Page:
For some strange reason, parenting has changed.
Perhaps it's an inevitability of time, but holy smokes, some things should remain sacred, shouldn't they?
I'm talking about kids, parents and the relationship between the two. It seems that there's a lot more of a comfort level between mothers, fathers and their kids that, frankly, makes me uncomfortable. The once-expected and respected boundary between a parent and their child was clearly defined and visible for all to see. Now? Not so much. It's become "cool" to be "friends" with your kids. After all, celebrities seem to do it all the time. Just think about Dina Lohan and her daughter Lindsay or Drew Barrymore and her famous hard-partying ways as a youngster, which seemed to be sanctioned by her mom.
Go to the park or take your child to a play date these days and your child's friend may very well call you by your first name. This is the norm much of the time, yet when I was a child, it was unheard of to speak to any adult in what was perceived to be such a "familiar" fashion. It was always "Mr. or Mrs. So-and-So," and first names of adults were rarely known -- let alone used -- by anyone younger than 18.
Yet now, this familiarity is accepted as "the way it is," along with other formerly verboten words or activities. Some examples:
- Parents and children going to PG or R-rated movies together -- In these instances, the parent seems to see no problem in sitting through often violent, sexual or otherwise inappropriate content with their child.
- Parents and kids playing "Mature" or PG-rated video games separately or together -- If done separately, the parent has given the child approval to play the game.
- Parents taking their kids shopping and giving the kids considerable decision-making regarding purchases -- The mom or dad may be footing the bill but the child is often calling the shots.
- Parents taking their kids to adult-only functions despite the inappropriate nature of the event -- Haven't we all seen kids at late-night functions, adult-themed concerts or events, or similar, and wondered what positive value that the child was getting from their attendance?
Sometimes it's an instance of a parent trying to recapture their youth. Other times it's a precocious child testing their mettle, with the parents clearly following along behind them. The tail wagging the dog, so to speak.
This is just plain wrong, and I'll tell you why.
Children need a strong role model. They need boundaries and they need to know the difference between right and wrong.
Kids look up to their parents of beacons of intelligence (as wrong as they may be in some instances). Our answers have weight, and our guidance has merit. We are, after all, their first and, depending on their age, their only role models. What does it do for their confidence in our guidance when we are perceived to be unsure about what we're telling them? How can they grow up to have the strength of their convictions when we clearly don't have the strength of our own? Like all of us, we want to feel like there is someone in our lives who has all of the answers and who doesn't waver in their convictions. For us adults, it's another friend, for our kids, it's us.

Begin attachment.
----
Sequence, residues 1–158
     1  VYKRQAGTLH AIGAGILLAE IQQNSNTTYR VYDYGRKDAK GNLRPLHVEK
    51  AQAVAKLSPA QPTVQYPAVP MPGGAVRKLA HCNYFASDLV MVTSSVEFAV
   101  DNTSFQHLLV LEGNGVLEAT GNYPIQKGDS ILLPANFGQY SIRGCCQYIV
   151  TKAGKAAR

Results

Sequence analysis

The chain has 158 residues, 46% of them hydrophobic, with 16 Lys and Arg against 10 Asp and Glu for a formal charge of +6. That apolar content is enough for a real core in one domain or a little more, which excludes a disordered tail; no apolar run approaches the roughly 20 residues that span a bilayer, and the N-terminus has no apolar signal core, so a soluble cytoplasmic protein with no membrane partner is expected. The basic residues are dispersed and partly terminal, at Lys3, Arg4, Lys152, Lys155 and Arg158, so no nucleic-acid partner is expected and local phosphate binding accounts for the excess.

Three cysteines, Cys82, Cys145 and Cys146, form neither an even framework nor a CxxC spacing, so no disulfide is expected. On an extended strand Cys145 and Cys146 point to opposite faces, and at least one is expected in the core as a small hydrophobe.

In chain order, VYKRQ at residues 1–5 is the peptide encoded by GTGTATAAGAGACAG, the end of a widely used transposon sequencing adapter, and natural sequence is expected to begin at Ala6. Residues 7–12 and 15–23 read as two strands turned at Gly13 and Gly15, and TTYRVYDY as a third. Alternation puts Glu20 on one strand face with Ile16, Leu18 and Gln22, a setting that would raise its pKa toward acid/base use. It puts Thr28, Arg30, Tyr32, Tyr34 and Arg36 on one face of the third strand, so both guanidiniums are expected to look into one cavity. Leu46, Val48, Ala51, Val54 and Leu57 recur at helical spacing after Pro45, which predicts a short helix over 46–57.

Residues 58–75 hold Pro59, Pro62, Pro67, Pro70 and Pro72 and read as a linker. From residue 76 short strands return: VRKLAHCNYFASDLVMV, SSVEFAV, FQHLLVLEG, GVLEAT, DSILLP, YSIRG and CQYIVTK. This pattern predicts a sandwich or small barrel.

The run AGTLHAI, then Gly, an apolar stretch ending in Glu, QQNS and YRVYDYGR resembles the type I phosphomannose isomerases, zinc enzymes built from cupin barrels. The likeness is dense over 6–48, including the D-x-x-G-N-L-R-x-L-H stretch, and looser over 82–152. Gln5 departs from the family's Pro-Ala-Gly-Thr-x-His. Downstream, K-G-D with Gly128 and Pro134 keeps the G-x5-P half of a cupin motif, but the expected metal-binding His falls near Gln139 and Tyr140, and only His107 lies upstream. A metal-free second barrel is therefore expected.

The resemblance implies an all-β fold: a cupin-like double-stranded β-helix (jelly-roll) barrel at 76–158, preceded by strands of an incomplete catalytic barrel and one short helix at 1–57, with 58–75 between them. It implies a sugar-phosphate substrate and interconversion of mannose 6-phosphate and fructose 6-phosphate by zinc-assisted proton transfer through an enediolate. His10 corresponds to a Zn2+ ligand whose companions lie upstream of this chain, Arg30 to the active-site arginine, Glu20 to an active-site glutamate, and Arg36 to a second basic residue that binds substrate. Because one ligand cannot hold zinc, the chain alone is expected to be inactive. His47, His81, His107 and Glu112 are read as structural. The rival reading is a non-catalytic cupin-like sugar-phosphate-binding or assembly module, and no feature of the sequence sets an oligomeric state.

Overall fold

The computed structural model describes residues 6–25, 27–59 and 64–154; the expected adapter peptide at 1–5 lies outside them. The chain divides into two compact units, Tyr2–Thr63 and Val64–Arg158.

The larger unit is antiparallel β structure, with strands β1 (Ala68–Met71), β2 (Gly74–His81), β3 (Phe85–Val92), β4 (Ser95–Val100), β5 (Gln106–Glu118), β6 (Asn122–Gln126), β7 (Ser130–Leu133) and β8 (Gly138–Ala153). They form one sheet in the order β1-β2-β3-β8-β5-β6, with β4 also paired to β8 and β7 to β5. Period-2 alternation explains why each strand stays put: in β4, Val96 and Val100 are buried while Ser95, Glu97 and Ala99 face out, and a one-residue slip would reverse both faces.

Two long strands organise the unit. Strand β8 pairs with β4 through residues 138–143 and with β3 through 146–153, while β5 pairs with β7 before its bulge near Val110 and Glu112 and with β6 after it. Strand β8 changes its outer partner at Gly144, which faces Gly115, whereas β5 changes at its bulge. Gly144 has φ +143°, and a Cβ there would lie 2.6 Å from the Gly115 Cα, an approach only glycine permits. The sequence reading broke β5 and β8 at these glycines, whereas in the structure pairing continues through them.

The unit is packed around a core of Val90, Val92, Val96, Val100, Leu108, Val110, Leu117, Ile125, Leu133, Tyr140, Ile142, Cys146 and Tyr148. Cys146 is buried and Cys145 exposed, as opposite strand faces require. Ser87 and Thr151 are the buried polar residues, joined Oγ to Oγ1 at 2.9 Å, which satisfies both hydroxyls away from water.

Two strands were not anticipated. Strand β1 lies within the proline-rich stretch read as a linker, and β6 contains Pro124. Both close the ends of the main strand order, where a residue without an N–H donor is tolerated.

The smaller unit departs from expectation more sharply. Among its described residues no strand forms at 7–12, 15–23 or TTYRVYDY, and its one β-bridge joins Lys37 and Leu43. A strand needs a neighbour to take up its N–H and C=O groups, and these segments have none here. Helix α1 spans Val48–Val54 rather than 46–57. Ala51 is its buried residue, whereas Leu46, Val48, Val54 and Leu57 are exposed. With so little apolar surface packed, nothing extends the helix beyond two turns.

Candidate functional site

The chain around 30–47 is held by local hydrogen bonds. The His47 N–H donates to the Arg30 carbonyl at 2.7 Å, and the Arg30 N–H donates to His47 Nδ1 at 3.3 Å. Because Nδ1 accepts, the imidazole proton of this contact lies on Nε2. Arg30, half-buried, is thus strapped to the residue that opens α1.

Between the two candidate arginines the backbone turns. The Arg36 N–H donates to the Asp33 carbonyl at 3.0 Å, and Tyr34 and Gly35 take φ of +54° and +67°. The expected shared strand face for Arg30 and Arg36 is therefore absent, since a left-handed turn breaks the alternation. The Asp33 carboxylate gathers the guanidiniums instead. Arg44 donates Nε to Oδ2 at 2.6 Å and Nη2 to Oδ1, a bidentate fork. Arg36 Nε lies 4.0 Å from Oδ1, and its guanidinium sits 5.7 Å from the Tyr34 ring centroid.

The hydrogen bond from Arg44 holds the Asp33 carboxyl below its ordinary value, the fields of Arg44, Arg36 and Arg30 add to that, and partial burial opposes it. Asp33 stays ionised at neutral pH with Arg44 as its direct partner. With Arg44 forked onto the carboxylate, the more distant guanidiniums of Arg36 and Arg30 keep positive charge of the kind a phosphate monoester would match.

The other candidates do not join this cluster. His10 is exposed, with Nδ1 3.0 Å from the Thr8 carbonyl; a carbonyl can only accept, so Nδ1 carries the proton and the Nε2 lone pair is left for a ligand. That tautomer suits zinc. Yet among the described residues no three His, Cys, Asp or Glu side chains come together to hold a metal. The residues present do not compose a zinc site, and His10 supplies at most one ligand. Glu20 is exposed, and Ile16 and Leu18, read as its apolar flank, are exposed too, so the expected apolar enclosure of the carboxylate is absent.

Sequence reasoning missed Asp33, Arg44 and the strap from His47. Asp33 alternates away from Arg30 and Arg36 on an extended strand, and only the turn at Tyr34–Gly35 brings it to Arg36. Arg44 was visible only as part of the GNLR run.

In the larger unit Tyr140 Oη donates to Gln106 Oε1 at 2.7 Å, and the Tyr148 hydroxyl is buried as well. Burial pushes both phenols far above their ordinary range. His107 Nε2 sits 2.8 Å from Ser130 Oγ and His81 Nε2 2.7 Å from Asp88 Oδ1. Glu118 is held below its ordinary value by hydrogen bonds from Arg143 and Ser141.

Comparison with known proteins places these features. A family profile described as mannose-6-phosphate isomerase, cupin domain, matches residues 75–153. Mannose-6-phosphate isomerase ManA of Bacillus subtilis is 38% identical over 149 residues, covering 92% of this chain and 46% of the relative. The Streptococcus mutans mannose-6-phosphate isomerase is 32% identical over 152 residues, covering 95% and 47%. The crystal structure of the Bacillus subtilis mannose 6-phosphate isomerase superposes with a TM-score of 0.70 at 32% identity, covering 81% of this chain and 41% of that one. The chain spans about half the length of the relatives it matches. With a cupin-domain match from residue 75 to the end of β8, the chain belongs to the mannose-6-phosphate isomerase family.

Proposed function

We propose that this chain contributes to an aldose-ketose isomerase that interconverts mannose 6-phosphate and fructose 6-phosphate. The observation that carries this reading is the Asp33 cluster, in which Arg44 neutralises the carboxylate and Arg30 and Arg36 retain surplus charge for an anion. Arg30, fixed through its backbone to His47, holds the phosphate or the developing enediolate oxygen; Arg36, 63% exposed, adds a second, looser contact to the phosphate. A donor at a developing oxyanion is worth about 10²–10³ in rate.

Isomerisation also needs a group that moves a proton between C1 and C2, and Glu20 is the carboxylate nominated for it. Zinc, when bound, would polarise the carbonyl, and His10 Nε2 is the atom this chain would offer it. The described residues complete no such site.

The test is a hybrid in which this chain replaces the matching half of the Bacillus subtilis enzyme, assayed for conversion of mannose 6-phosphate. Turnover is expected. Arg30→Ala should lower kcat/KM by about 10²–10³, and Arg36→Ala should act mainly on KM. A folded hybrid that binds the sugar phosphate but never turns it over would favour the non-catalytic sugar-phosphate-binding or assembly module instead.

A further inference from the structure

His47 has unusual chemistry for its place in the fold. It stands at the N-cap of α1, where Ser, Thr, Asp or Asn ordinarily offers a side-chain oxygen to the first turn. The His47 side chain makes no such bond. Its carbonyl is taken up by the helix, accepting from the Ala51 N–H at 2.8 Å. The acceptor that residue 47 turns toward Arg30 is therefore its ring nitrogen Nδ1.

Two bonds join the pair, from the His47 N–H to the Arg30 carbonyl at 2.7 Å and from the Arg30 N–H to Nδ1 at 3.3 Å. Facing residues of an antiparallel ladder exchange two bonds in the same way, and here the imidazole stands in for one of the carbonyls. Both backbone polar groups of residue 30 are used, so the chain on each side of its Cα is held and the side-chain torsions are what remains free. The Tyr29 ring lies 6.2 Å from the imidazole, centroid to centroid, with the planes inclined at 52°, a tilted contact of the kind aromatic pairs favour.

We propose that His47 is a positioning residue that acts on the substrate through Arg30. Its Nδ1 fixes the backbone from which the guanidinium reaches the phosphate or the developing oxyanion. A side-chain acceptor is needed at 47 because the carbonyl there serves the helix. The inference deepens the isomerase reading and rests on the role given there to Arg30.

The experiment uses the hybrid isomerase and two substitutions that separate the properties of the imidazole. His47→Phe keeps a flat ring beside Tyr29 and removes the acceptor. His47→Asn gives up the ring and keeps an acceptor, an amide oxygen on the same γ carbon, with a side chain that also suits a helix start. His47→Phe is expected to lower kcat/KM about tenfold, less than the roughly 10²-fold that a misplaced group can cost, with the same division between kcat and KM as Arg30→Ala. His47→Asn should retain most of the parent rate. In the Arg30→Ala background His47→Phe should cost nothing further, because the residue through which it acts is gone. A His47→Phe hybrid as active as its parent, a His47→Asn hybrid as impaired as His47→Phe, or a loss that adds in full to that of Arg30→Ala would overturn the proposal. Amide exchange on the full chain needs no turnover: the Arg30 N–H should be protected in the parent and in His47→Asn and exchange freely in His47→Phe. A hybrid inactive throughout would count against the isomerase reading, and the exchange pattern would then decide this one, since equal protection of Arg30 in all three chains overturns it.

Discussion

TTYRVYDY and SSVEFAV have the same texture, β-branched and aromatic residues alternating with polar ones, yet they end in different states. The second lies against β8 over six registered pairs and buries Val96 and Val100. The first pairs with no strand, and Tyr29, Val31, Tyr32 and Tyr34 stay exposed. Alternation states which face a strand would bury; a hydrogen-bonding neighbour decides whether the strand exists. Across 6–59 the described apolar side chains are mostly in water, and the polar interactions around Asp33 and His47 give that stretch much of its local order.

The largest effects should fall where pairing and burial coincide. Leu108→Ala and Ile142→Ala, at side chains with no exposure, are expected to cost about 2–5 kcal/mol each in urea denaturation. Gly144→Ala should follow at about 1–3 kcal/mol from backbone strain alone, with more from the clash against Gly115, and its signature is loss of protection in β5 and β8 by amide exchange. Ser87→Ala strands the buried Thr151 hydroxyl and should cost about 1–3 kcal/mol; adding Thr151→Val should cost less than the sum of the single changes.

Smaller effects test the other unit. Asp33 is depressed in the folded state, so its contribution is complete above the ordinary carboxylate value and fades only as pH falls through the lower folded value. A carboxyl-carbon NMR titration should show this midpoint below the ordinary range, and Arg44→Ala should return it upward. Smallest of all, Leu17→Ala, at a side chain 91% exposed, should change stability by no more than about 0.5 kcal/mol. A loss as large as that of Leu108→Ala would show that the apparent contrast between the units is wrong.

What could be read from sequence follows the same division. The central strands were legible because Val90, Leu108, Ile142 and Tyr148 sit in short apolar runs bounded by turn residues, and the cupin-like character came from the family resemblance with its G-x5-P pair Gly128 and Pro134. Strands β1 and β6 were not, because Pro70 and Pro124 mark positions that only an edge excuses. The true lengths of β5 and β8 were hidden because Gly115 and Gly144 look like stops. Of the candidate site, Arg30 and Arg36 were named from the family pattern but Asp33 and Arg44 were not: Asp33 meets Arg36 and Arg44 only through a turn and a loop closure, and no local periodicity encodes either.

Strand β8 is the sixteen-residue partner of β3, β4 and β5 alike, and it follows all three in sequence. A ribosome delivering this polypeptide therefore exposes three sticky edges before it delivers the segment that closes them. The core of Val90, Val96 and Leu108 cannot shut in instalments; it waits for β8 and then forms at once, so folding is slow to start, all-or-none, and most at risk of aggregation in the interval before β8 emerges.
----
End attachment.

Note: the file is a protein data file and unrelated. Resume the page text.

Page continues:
It's never good to be "friends" with your child. After all, inherent in the idea of "friendship" is the concept that both parties are on equal footing. Call me old school, but my children are not on equal footing with me, as I am their mother. At the end of the day, what I say goes, and it's not negotiable. If it wasn't this way how on earth could I expect them to listen to me when they're older, in their teens and dealing with more serious and life-changing decisions?
If my advice had no value, weight or importance, it would be easy to imagine how they could make the wrong choices and go down the wrong path. I shudder to think about the consequences.
"It's never good to be 'friends' with your child. After all, inherent in the idea of 'friendship' is the concept that both parties are on equal footing. Call me old school, but my children are not on equal footing with me, as I am their mother."
As times have changes, so have our ideas about relationships between the generations. In many ways we've come a long way in terms of how we both view and treat children today. The old "spare the rod and spoil the child" adage that was once considered a standard tool of parenting has, for the most part, disappeared -- and thankfully so.
Ditto for the concept of a child being "seen but not heard." These concepts seem archaic now, as we realize the importance of treating our children with respect, as well as listening to their ideas and concerns. We've come a long way in that we now realize that in order for our children to flourish and grow into confident and happy adults, we need to provide them the environment in which they feel supported, understood and loved.
That being said, it's a long haul to equate this fostering of our childrens' collective spirits in a positive way for the purposes of building their confidence, and being their "BFF" to whom they casually relate to in a most cavalier and sometimes disrespectful manner.
No, children need to look up to their parents and have some degree of reverence and respect for them in order to truly take home the lessons that their mothers and fathers try so hard to teach them. For this and many other reasons, I won't be revealing my deepest, darkest feelings to my elementary-school aged child any time soon.